To see more information on Old Ground and book tickets for the show, visit our website –http://www.organisedchaosproductions.co.uk

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Old Ground – behind the scenes

Some behind the scenes footage from the director, Neil Bell, as the cast get ready for costume fittings

 

To see more information on Old Ground and book tickets for the show, visit our website –http://www.organisedchaosproductions.co.uk

 

Old Ground – Read through photos

Some photos of our recent cast read through of our upcoming production of Old Ground

 

To see more information on Old Ground and book tickets for the show, visit our website –http://www.organisedchaosproductions.co.uk

Introducing – Dan Sheader

Dan stars as Dickie and Policeman1 in our upcoming production of Old Ground

 

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Dan Sheader

Hi, I’m Dan Sheader, I am a 28-year-old graduate of ICAT (Independent Centre for Actor Training) based in Manchester. I have spent the last 5 years studying Acting and Performance and worked hard to develop my tool kit that I am overjoyed to be utilising for the first time on Old Ground.

I was attracted to this project initially having heard wonderful things about Lee Joseph’s writing and the successful growth of Organised Chaos Productions. The subject matter has always been of interest to me and Lee’s beautifully written script and my love for theatrical performance married with British history, solidified this production as a must! I had to audition!

Fast forward a few weeks and I was lucky enough to land the role of Dickie, and call myself a cast member.

The process so far has been nothing but fun, energetic and, for a graduate actor entering the professional scene, very educational. We had a wonderful cast read through to get the wheels in motion and we are now full steam ahead into our rehearsal process.

I am so excited to be working with a hugely committed cast and creative team and urge anyone to come and see this wonderfully constructed piece of theatre and cannot wait to share it with our audience at the Kings Arms, Salford.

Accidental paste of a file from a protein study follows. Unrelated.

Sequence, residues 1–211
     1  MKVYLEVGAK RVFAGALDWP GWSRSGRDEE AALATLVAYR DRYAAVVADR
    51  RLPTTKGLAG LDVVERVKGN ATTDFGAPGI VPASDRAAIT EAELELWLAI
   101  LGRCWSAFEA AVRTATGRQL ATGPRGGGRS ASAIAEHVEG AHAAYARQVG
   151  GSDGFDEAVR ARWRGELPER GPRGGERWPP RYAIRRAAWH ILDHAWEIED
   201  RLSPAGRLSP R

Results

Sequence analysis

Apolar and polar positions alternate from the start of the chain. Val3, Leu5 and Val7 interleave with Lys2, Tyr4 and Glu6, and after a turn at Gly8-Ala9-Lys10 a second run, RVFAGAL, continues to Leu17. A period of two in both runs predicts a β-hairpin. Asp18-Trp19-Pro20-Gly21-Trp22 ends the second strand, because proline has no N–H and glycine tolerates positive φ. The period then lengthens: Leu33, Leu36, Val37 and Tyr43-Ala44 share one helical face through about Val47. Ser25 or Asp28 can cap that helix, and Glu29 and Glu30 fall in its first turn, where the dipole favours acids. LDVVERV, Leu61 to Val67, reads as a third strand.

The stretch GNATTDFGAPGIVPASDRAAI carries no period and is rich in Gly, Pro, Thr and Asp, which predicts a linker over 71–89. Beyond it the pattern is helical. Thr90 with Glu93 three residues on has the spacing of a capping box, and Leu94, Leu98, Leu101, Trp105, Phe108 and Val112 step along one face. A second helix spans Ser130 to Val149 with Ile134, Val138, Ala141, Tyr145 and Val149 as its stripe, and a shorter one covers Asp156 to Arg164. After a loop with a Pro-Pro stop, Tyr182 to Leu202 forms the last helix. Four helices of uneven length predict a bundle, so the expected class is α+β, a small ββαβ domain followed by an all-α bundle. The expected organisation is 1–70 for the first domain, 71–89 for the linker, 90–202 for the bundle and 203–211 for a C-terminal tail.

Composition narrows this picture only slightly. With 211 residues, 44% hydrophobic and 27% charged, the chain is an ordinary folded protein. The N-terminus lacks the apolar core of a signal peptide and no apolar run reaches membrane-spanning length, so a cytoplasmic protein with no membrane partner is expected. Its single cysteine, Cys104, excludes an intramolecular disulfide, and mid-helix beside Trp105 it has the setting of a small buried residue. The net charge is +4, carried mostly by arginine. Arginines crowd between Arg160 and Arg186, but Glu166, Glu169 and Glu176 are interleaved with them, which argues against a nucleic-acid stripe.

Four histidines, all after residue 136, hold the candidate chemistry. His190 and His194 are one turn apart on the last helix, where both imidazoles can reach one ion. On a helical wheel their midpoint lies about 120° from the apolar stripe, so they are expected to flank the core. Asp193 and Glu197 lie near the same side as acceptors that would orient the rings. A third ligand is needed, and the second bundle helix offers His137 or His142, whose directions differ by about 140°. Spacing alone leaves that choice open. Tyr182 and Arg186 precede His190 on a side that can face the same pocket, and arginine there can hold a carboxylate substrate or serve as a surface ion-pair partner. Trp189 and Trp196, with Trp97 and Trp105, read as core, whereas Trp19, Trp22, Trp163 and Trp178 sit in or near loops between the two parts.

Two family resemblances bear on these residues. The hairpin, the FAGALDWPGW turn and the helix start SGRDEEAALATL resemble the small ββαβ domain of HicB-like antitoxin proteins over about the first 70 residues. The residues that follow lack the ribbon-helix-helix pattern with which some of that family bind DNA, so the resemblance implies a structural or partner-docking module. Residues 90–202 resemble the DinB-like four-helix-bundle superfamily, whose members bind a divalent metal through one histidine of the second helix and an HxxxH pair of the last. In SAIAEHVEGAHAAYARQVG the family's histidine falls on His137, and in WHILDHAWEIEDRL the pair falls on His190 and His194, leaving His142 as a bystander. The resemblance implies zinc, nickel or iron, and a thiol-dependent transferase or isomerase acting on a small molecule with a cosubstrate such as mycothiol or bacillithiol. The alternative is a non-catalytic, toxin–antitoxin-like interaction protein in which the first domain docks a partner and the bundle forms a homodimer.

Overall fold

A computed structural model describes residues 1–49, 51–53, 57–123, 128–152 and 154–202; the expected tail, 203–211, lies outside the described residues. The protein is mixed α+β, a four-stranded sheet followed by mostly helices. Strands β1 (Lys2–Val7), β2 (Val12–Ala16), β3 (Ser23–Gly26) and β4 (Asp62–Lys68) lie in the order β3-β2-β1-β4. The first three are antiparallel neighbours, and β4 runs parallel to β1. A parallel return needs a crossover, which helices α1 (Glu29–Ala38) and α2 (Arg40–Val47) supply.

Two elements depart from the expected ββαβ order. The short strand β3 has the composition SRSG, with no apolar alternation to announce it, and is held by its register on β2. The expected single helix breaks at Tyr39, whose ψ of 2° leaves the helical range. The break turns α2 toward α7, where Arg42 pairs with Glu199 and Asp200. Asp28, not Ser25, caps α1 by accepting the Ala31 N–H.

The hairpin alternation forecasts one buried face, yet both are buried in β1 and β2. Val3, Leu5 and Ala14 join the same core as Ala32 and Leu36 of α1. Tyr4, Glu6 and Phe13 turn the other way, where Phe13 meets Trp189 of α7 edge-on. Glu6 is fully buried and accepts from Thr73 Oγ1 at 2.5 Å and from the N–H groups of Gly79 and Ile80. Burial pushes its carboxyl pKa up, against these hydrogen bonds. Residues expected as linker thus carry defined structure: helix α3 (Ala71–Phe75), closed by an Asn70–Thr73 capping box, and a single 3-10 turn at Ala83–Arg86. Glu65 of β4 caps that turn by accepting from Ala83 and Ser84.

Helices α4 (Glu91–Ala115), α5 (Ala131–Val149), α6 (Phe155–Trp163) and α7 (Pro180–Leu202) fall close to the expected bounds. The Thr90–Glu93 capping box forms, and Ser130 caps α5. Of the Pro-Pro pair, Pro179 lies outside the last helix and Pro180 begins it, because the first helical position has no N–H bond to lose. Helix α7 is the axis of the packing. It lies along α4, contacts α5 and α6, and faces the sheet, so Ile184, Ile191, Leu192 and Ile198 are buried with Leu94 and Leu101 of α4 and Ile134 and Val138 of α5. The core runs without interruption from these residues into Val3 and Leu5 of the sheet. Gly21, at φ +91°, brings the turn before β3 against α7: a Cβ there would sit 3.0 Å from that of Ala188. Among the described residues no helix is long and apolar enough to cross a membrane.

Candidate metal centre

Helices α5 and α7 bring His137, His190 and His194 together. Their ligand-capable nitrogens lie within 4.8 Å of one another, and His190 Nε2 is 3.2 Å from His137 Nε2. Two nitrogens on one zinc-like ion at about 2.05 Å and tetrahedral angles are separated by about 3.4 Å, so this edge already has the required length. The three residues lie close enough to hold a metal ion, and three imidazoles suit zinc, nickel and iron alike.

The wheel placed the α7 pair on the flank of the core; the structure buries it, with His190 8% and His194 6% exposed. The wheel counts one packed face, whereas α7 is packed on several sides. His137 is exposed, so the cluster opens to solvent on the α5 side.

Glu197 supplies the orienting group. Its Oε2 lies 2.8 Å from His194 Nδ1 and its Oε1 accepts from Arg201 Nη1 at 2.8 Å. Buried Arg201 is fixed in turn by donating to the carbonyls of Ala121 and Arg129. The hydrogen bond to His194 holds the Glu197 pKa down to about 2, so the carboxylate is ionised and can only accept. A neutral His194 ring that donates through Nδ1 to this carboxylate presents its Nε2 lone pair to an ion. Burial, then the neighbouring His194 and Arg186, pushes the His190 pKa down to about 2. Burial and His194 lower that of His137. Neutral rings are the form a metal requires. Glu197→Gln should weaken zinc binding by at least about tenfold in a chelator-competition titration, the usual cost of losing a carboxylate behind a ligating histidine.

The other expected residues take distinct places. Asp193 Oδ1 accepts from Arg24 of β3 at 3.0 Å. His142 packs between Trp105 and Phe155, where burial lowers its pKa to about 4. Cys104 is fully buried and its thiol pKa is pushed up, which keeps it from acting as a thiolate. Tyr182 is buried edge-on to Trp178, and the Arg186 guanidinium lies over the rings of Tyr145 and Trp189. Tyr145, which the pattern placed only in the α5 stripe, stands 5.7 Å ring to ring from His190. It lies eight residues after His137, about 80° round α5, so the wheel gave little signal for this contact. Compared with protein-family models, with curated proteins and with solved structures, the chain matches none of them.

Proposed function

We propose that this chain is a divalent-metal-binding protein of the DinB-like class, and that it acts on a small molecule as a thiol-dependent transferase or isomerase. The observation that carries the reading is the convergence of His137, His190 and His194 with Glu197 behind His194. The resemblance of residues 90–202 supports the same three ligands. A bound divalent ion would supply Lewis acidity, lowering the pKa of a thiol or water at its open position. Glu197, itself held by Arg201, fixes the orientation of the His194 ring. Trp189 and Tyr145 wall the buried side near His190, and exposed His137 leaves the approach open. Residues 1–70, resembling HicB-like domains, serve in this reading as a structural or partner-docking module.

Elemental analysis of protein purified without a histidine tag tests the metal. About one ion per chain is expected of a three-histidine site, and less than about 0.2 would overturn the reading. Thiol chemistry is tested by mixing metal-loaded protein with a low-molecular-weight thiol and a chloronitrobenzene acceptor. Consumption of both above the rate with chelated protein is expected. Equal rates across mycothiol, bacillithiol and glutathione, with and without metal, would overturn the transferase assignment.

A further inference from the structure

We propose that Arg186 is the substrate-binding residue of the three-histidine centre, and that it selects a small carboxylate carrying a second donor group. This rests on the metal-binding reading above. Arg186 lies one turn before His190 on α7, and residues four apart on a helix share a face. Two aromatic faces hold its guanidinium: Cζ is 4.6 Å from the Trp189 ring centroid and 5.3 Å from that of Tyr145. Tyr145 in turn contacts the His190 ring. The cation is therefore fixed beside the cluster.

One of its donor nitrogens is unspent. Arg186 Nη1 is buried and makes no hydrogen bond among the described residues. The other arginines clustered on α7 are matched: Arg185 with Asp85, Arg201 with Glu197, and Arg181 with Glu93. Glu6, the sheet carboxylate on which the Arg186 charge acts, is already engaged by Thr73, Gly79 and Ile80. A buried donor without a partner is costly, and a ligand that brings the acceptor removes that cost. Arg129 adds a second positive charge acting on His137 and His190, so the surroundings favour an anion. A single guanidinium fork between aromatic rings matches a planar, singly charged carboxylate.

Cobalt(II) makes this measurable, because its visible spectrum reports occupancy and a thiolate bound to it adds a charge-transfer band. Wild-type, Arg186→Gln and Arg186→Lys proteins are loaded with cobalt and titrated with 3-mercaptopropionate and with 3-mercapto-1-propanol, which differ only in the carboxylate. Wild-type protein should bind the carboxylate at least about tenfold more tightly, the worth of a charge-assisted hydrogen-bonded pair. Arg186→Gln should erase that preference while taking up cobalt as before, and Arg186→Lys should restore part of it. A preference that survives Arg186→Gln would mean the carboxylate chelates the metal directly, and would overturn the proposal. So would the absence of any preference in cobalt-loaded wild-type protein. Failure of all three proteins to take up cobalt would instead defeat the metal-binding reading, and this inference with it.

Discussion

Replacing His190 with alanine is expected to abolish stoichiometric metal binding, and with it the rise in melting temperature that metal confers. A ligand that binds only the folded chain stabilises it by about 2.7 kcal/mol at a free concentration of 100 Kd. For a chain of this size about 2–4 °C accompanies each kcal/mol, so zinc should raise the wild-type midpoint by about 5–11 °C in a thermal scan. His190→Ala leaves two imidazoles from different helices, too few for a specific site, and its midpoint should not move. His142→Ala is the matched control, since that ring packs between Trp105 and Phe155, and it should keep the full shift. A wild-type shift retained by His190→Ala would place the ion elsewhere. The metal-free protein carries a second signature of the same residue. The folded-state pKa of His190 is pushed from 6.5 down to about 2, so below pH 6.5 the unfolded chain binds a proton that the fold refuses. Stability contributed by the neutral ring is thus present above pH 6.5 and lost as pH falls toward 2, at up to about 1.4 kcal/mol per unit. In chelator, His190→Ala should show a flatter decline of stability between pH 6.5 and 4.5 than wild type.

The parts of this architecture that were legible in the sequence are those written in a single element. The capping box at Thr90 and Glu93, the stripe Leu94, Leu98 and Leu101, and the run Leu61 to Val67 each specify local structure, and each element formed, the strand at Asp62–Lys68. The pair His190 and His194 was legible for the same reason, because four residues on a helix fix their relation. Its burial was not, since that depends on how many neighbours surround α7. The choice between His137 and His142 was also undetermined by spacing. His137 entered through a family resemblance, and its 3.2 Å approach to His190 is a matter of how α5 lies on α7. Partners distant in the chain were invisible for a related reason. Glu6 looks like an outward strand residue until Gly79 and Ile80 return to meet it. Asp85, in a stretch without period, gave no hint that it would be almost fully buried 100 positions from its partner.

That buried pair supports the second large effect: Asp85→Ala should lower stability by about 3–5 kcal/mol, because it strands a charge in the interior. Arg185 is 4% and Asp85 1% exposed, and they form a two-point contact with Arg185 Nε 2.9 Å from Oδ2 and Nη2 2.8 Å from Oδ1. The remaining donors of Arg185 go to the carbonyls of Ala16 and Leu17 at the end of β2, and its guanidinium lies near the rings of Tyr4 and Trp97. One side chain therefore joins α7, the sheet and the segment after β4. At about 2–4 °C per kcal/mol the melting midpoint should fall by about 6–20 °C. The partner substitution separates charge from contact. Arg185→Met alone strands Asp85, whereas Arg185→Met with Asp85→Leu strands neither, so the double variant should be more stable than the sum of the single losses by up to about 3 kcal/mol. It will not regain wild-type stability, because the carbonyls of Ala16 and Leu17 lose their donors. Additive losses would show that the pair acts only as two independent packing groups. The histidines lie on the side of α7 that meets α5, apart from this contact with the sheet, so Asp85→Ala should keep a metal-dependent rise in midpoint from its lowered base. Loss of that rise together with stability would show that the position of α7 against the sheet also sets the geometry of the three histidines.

If this isn’t one of the best things you’ll see this year, in the words of Dickie…

“I’ll show my arse in Burtons window!”

 

To see more information on Old Ground and book tickets for the show, visit our website –http://www.organisedchaosproductions.co.uk

The Distance Between Stars

Our next production is The Distance Between Stars

The Distance Between Stars show image. Designed by Chris Oldland

The Distance Between Stars show image. Designed by Chris Oldland

Elliot is on the mend from a nervous collapse. Big sister Helen worries about him; she wants Elliot to stop eating junk food and start participating in the world. Daisy and Elliot were patients in the same hospital. Daisy wants to let go of her troubled past. Lonely neighbour Mr Birzoni wants a love affair. All are looking for something to believe in. Just when life starts looking up, Elliot’s obsessions steer him in an unexpected and dangerous direction.

The Distance Between Stars is a new play about grief, extra-terrestrials and ginger custard. From the writer of Temp/Casual.

The show comes to The a Kings Arms, Salford in November:

Wed 19th 7:30pm, Thurs 20th 7:30pm and Sat 22nd 3pm

Tickets available here: http://www.kingsarmssalford.com/details.php?show_id=1949